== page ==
Arts Desk

Hospitality’s Brian Betancourt on Trouble and Trying New Things in a Live Show

hospitalityArmed with smart, introspective lyrics that shine on both twee-tinged ballads and psychedelic freak-outs, Brooklyn’s Hospitality is the kind of band that can captivate a sleepy coffee shop before rocking a crowded club. Fronted by singer Amber Papini, who shuffles between keys and guitar, the group’s 2012 self-titled debut quickly garnered plenty of buzz. But while Papini’s sharp vocals are definitely a focal point for the band, multi-instrumentalist Nathan Michel, percussionist David Christian, and singing bassist Brian Betancourt add layers of slick instrumentation—jazzy drum beats, swirling guitar licks, and groovy bass lines—that linger long after the wordplay has stopped.

Hospitality released its second album, Trouble, back in February and are kicking off the first few dates of its month-long tour with D.C. rockers (and Merge labelmates) Ex Hex. Betancourt recently spoke to Arts Desk about branching out on the band’s latest record, mixing up arrangements on the road, and working day jobs. Catch Hospitality with Ex Hex tonight at the Rock and Roll Hotel.

WCP: How did Hospitality get together?

Betancourt: We had a few mutual friends in Brooklyn. When we first got together in 2007, Nathan was actually looking to start his own band with his own music. I was playing guitar and Amber was playing keyboards and eventually she started sharing her own songs with us. Months went by and it just naturally became more about her songs. We played New York as a trio for years before recording a four-track with our friend Paul. Things just developed from there.

Your second record, Trouble, came out earlier this year. How did you approach it differently from your debut?

We had more time to work on it, which is ironic because they say that you have your whole life to make your first album. We actually recorded the first LP pretty quickly. With the second one, we had more time in the studio which allowed us to make a lot of decisions after the fact that we didn’t anticipate while we were recording. During the recording of [Hospitality], we assumed that we had everything we needed the first time around—it only took four days to record. With this one, we definitely had more breathing room.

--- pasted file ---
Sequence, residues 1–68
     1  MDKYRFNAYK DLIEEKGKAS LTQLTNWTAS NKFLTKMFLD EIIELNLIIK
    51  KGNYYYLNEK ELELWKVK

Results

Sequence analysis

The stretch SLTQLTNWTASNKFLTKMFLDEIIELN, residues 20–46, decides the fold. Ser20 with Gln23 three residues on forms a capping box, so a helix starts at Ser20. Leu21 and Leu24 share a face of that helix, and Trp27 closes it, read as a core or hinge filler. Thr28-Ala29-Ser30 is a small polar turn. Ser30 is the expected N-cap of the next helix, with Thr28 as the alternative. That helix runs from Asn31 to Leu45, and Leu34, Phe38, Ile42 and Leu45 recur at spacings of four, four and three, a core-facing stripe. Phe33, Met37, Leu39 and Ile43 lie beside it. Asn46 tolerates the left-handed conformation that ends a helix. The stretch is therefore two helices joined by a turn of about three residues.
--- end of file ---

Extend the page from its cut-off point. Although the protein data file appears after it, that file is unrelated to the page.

Your first record received a lot of critical praise, did you feel any pressure when working on Trouble?

Only when we were completely done. Mostly just because we were nervous about being done. But we knew going into it that we wanted to try new things and flex different muscles. Our label doesn’t really put much pressure on us at all. So the only pressure was from ourselves.

Speaking of your label. What’s it like working with a long-running and respected label like Merge?

It’s really great. I think one of the reasons that they’re still around and successful is that they’re so modest. The company is so small and a lot of people on the team are musicians themselves. They have a lot of wisdom and a lot of good advice offer.

You’re about to head out on a month-long tour. What has the band been up to during the down time?

Working day jobs. We all live in Brooklyn and everyone has their own things going on when we’re not on the road.

You guys spend a lot of time on the road. In past two years, you’ve toured with Eleanor Friedberger, Wild Flag, Jenny Lewis, and more. Any favorite things about touring?

One of my favorite things is changing arrangements and tweaking things for a live show. It’s a really fun way to mix things up.

You’ve played tons of shows in D.C. over the past year or so. What keeps bringing you back?

With D.C., it’s just so close to New York that we always pass through, so we get to play the city a lot. Plus, D.C. is a really great place to play a one-off show. Like, the Jenny Lewis show that we played a month or so ago, it was a totally last-minute offer like,  “Hey do you want to play with Jenny Lewis?” and we said, "Sure."

What are you listening to right now?

Our good friends Glass Ghosts are about to put out a record in September on Western Vinyl. It’s called LYFE; I think it’s a really special record. And—full-disclosure—I sang on one song. They’re definitely one of our favorite bands.

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